lowbrowculture

collects stories and ideas from John Kelly

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Here’s MetaFilter’s Cobalt describing what’s happening

> > Riccardo Muti was conducting Nabucco at the Opera di Roma, until -to his delight- he was forced to interrupt the performance by pressure from the crowd. As part of the massive celebrations for the 150th anniversary of the unification of Italy in 2011, the Opera was packed to the rafters to see Giuseppe Verdi's famous work. A political opera, it deals with the enslavement of Jews in Babylon. Its famous "Va Pensiero" chorus is the song of oppressed slaves, and symbolises the fight for freedom for many Italians, who struggled under the Habsburg empire in the 1860s and has become Italy's unofficial anthem. Rome's mayor, Gianni Alemanno, took the stage before the start and spoke passionately against the budget cuts to the arts and culture the central government had done, in essence railing against his own party and political allegiances, and setting the tone for a very special evening. The intensity was palpable and the audience was rapt. When the Va Pensiero chorus came, "O my country, so lovely and so lost", the cries of "Encore!" and "Viva Italia!" began to sound. By the time it finished, the roar of the crowd was immense. > > > > Muti had allowed an Encore only once in his career, at La Scala in 1986, and he was not likely to do it again unless the occasion really deserved it, but the crowd had touched him deeply. He turned around and spoke: "Yes, I agree, long live Italy, but…I'm not 30 anymore, I've lived my life and travelled the world, and it pains me to see what is happening to our country. So, I will accede to your request for an Encore, not only for the patriotism I feel, but because as the chorus was singing, I thought that if we allow this murdering of the culture on which our history was built, then it truly will be "lovely and lost"…..Let us now give this chorus a special meaning. We are home, at the theatre of Rome, let us all join together and sing." And so they did. > >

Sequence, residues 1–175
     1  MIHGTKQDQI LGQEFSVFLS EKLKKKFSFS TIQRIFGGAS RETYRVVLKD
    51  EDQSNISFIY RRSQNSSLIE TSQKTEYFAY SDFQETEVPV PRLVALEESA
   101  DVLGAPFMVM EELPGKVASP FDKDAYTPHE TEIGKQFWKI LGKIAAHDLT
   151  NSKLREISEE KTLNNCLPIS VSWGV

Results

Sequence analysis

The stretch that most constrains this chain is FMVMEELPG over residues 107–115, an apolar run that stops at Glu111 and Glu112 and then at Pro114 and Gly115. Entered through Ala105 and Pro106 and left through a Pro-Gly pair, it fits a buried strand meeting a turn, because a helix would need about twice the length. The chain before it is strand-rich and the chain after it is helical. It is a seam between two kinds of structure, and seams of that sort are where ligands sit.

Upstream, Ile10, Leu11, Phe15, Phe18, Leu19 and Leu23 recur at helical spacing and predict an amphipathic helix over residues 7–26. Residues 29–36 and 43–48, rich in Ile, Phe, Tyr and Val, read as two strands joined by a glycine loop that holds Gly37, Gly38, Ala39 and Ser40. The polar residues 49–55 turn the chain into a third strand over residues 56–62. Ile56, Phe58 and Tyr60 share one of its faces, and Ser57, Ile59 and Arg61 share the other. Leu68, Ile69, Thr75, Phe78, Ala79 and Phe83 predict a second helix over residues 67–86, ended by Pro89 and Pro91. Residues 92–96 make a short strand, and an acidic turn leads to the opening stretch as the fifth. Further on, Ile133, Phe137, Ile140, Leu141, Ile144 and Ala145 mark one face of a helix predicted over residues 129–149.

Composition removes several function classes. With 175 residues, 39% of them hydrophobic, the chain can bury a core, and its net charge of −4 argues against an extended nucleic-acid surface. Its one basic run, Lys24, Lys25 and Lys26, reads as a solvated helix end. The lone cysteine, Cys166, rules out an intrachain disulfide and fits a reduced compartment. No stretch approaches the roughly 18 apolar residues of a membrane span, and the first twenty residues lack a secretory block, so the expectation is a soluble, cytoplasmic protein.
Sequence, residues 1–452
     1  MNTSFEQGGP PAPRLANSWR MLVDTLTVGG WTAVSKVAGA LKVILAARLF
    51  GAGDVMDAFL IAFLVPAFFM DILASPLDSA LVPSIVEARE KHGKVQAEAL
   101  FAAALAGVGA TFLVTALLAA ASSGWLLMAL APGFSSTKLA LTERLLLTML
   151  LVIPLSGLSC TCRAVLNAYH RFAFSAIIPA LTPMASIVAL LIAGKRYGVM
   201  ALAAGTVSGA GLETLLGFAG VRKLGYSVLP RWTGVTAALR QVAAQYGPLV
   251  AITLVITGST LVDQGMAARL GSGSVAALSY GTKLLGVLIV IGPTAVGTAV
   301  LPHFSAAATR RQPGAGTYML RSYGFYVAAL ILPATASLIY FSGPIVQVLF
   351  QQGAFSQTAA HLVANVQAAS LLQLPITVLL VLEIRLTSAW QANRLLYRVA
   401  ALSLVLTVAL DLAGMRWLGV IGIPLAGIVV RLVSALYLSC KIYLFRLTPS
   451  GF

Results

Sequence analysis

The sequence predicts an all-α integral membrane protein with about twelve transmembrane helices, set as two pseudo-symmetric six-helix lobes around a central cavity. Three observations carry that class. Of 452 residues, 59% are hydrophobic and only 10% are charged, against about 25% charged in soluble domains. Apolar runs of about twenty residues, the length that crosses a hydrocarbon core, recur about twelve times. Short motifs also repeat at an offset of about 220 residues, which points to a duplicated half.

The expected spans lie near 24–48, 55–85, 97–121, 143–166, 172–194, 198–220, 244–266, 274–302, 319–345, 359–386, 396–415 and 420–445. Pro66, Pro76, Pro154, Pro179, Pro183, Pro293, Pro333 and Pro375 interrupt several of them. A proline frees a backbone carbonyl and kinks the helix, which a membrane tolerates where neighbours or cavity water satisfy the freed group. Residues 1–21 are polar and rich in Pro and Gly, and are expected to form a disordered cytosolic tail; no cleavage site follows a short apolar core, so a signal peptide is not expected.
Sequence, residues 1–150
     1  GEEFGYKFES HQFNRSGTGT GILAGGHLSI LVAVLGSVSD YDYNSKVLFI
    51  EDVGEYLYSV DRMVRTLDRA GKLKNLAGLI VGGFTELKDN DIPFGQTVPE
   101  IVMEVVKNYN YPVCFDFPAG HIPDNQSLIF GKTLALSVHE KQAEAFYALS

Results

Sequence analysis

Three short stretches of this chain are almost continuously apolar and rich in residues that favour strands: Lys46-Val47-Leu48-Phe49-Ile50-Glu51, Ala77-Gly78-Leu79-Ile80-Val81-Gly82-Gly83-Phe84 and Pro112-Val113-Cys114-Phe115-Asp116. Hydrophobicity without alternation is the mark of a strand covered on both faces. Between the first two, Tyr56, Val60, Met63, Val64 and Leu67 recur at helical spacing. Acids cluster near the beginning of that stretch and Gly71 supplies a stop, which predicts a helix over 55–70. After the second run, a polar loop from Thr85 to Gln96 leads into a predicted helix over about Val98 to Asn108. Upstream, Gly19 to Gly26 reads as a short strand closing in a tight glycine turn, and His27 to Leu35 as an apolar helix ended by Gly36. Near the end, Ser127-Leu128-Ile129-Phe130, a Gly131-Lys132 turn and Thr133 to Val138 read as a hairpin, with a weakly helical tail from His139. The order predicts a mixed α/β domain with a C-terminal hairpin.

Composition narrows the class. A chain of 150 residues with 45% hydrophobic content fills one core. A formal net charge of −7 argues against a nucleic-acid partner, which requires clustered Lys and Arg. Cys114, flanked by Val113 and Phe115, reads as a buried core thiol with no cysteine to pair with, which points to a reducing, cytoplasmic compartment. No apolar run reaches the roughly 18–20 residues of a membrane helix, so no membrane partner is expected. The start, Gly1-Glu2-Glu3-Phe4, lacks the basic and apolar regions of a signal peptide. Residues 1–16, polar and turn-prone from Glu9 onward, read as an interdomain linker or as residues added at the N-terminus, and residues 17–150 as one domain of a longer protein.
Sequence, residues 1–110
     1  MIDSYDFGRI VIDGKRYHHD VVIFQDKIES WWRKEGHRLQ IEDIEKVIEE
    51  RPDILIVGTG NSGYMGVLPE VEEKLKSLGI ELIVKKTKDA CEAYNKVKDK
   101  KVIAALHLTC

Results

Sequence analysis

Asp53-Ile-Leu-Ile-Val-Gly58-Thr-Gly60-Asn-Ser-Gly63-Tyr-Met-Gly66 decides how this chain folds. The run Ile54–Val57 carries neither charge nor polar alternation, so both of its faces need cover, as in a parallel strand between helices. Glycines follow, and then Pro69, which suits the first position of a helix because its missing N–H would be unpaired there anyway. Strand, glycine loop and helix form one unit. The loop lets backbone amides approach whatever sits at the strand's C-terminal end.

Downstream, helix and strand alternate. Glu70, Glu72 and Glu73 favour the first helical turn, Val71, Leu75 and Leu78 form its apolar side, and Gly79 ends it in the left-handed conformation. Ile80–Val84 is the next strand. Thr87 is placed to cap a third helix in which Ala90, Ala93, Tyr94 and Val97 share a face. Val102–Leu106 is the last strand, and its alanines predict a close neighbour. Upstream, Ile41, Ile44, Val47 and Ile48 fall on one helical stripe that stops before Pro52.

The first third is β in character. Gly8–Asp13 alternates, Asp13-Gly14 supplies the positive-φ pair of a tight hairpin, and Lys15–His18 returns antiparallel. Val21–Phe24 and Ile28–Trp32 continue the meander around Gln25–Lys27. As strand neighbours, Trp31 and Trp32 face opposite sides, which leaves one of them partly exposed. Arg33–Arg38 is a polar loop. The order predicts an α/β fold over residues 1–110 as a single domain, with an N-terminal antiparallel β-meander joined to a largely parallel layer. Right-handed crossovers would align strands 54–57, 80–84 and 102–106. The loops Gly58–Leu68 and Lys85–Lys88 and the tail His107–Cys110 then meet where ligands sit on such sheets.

I read about this somewhere – probably the Economist – and thought “holy shit, I wish I’d seen that, that sounds like it was really something.”

Now I’ve seen it and, holy shit, it’s really something.